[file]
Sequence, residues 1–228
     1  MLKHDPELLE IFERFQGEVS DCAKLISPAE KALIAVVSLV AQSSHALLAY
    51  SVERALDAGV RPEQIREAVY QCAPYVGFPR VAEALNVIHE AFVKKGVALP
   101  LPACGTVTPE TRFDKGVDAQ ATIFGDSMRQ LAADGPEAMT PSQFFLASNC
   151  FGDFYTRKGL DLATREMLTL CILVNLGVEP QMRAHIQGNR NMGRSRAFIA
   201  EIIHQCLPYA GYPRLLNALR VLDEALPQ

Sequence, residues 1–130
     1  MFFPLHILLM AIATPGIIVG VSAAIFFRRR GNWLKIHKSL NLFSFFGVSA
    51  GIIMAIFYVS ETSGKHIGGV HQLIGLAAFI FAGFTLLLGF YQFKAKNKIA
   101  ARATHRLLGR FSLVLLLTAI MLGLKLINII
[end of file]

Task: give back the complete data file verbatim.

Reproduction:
Sequence, residues 1–228
     1  MLKHDPELLE IFERFQGEVS DCAKLISPAE KALIAVVSLV AQSSHALLAY
    51  SVERALDAGV RPEQIREAVY QCAPYVGFPR VAEALNVIHE AFVKKGVALP
   101  LPACGTVTPE TRFDKGVDAQ ATIFGDSMRQ LAADGPEAMT PSQFFLASNC
   151  FGDFYTRKGL DLATREMLTL CILVNLGVEP QMRAHIQGNR NMGRSRAFIA
   201  EIIHQCLPYA GYPRLLNALR VLDEALPQ

Sequence, residues 1–130
     1  MFFPLHILLM AIATPGIIVG VSAAIFFRRR GNWLKIHKSL NLFSFFGVSA
    51  GIIMAIFYVS ETSGKHIGGV HQLIGLAAFI FAGFTLLLGF YQFKAKNKIA
   101  ARATHRLLGR FSLVLLLTAI MLGLKLINII